70s are great for many trade routes, but nearly every 80s and 90s classic was originally set up for rap with 2 50M ropes, there have been plenty of times when I've been frustrated by taking just one 70 and looking at a long walkoff because I didn't have the option of rapping and skipping those last crunchy "who gives a shit" pitches, Triassic being an excellent example of this. With the time you save by not having to walk off Triassic after two fairly uninteresting pitches after the good climbing ends, you could easily rap with 2 60s and get on a host of sweet face and splitter pitches nearby.

One important point made by Wilder is the commonality of getting off the "trade routes" with a 70. If you're climbing just the buzzword chalked up classics, sure. I like getting on routes with long pitches and advenute climbing, having only one 70M rope with you doesn't let you get on routes like Ginger Cracks or Cloud Tower, both of which are area classics. If you're just sticking to Birdland, Cat In The Hat, and feel like making hitting every station on the way down Crimson, a 70 is perfect. That description doesn't apply too well for people who climb locally and want to explore.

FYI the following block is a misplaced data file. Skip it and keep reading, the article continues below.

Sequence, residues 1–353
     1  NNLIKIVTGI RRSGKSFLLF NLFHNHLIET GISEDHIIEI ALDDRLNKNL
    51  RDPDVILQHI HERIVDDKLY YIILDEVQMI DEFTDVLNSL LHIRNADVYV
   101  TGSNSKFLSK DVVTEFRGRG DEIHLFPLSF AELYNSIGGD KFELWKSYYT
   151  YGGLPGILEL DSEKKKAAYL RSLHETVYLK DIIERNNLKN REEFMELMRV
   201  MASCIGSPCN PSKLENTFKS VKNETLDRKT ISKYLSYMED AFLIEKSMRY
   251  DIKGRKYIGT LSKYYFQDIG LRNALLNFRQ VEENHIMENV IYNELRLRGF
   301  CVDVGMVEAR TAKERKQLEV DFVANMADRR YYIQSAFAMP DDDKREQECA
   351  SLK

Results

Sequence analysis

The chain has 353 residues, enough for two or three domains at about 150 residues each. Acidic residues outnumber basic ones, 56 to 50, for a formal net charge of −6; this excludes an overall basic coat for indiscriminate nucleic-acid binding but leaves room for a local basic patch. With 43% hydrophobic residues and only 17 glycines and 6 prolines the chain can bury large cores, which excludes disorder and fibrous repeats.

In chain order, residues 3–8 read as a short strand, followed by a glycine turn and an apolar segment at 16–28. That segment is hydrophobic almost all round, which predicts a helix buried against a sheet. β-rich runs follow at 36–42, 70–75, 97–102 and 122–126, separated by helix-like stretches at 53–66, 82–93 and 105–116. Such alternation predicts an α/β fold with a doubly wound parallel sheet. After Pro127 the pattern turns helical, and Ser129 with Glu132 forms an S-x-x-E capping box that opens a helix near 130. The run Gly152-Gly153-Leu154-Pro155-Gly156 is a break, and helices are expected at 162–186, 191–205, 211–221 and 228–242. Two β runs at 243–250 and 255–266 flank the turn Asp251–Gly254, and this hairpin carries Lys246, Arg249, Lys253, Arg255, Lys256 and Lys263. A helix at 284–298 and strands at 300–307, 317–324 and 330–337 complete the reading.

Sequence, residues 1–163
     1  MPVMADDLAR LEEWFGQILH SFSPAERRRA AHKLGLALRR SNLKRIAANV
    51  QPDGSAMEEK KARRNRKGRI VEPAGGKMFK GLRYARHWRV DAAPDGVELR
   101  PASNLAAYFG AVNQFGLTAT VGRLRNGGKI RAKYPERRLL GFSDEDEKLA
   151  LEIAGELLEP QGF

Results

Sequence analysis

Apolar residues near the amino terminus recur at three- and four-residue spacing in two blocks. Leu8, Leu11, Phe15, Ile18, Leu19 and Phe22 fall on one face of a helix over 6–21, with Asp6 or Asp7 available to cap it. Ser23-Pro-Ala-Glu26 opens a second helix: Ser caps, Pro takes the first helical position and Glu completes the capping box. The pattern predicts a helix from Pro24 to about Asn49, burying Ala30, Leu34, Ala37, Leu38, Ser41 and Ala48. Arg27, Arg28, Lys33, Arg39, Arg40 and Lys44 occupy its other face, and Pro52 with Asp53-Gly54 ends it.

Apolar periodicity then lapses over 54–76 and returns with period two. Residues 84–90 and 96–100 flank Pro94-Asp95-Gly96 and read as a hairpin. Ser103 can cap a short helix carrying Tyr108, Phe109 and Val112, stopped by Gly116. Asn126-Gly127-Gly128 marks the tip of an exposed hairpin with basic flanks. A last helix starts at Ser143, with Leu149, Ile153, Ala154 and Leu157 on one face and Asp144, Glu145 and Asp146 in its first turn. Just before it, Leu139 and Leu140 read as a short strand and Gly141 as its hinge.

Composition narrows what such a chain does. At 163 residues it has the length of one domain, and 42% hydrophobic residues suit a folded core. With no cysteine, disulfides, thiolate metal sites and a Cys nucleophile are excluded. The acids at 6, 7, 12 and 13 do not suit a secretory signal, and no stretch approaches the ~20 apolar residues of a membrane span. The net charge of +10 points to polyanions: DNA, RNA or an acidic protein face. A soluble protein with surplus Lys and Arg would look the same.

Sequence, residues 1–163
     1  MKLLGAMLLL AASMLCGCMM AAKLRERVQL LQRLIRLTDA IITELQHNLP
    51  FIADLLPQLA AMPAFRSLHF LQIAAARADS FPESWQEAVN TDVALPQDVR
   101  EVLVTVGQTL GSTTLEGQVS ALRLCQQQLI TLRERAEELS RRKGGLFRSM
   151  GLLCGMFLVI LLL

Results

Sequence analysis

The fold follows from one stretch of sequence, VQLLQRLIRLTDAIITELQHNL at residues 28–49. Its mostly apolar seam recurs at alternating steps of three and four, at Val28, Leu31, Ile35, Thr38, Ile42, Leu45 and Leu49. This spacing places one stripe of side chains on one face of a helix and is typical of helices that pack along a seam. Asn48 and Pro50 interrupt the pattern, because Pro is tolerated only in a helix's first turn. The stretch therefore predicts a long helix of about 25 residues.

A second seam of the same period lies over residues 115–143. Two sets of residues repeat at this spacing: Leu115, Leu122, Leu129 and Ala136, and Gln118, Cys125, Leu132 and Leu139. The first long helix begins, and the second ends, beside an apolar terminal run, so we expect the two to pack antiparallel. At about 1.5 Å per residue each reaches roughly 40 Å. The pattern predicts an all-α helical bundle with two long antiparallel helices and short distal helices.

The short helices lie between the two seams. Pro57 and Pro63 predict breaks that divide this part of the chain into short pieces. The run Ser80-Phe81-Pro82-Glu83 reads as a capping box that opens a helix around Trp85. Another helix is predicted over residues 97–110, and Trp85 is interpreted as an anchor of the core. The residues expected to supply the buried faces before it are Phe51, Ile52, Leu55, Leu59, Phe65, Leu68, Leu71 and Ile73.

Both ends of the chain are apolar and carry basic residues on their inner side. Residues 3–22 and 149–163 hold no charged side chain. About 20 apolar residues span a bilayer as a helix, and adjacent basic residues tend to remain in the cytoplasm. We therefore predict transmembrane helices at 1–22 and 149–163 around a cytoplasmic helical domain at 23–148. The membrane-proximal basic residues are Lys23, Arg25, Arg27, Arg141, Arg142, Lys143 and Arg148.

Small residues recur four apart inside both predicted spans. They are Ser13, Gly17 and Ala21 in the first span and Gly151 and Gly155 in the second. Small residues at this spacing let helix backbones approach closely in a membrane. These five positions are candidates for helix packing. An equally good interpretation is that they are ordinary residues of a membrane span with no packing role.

In your position I'd use the 200 for a 60M 9.4 Ion, not fall on it much, and bring the 7mm tag out until I saw a good deal on a decent 8mil half rope.

That's my 2 cents. I climbed on 2 8.5 Bluewater 50M half ropes for my first couple of years out here, broke out the 9.4 to switch out for one of those on tougher stuff, always felt good about my options. Your dealio may vary.